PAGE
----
Do you have trouble falling asleep? Do you wake up during the night and have trouble going back to sleep? Do you wake up too early in the morning? Do you often wake up feeling tired and unrefreshed? Read on because you might be suffering from insomnia.
Insomnia keeps you awake night after night which can lead to sleep deprivation. According to the National Sleep Foundation 48 percent Americans report insomnia occasionally, while 22 percent experience insomnia every or almost every night. It seems that it is more common to women (especially after menopause) and with the elderly.
Insomnia is may be a symptom of other sleeping disorders (such as sleep apnea, narcolepsy, restless legs syndrome) and may be caused by the following:
- Advanced age (60 and above)
- Anxiety, stress or depression
- Poor sleeping habits
- Misuse of caffeine, nicotine, alcohol, or dangerous drugs
- Jet lag
- Shift work
- Environmental noise
- Extreme temperature
- Change in surrounding environment
- Mental illness
- Health problems (such as diabetes, anemia, arthritis, kidney disease, heart problems, asthma, Parkinson’s disease, and hyperthyroidism)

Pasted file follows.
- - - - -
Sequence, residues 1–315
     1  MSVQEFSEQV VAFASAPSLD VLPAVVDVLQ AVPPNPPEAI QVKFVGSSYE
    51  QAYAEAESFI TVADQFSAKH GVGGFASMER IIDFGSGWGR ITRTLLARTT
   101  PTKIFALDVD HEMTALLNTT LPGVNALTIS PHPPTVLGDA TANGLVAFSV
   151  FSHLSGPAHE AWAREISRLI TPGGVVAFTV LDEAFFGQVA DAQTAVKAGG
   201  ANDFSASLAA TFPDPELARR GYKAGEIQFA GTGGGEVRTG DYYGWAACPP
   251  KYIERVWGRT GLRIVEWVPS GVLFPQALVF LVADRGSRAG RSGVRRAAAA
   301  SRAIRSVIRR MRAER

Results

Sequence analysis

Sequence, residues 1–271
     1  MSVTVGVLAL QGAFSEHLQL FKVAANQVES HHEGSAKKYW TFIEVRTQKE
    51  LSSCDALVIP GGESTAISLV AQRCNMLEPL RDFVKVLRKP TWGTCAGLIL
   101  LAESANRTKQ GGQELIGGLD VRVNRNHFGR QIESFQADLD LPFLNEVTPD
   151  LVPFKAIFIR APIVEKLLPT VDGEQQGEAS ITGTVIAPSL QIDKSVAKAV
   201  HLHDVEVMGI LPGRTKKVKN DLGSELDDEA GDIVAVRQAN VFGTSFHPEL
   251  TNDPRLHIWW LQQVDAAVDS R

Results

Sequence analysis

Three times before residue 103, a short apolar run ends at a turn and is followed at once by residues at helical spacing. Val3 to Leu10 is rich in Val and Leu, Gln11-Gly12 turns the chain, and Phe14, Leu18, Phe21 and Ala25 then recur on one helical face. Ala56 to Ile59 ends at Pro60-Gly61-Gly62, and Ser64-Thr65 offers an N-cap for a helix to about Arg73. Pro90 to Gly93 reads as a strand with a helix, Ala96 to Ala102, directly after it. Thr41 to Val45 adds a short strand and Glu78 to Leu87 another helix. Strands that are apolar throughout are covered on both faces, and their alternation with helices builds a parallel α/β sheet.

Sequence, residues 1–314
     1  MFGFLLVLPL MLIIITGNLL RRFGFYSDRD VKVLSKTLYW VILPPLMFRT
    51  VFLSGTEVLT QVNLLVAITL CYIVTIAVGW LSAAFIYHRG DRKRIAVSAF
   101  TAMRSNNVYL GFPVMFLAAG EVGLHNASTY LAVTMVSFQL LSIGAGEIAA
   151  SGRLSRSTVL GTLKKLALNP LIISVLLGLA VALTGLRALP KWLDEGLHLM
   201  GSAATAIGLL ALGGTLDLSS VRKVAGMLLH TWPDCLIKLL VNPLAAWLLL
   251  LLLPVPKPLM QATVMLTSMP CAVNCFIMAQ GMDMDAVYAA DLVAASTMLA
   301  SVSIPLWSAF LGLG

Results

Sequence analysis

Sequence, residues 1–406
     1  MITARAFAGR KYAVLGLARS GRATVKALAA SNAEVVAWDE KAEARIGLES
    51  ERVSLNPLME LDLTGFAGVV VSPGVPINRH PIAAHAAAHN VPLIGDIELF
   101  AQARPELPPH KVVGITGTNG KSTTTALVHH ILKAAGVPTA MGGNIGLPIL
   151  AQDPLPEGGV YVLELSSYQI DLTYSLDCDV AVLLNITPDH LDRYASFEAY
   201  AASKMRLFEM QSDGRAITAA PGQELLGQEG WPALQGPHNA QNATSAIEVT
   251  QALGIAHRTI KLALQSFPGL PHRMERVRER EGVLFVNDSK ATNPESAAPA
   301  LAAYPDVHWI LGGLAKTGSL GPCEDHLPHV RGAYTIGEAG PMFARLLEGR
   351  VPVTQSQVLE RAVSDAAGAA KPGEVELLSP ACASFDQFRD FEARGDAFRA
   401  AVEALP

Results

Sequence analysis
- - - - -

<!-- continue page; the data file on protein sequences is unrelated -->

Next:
- Medications (decongestants, antihistamines, betablockers)
Insomnia can vary in how long it lasts and how often it occurs. It may last for days (transient), from time to time (intermittent) or months (chronic). Transient and intermittent insomnia may not require treatment since episodes last only a few days at a time. Sometimes the use of short-acting sleeping pills may improve sleep and alertness for the next day.
There are many dangers and risks that insomnia exposes you to. It keeps you awake night after night which can lead to sleep deprivation. It can have a very serious impact on quality of life, productivity and safety, including impaired performance, irritability, lack of concentration, daytime drowsiness, less defenses against infections, significant mood swings, erratic behavior, hallucinations, at the extreme, even death.
So when you feel that you have inadequate or poor-quality sleep, consult with your health care provider which can recommend treatments which includes:
- Diagnosing underlying medical or psychological problems
- Identifying behaviors that may worsen insomnia
- Using sleeping pills
- Behavioral techniques such as relaxation therapy, sleep restriction or reconditioning.
Insomnia is highly treatable. Don’t let it ruin your health and lifestyle because of its annoying and fatal consequences. Besides you’ve got more important things to concentrate on like your work, school, family, friends, and loved ones.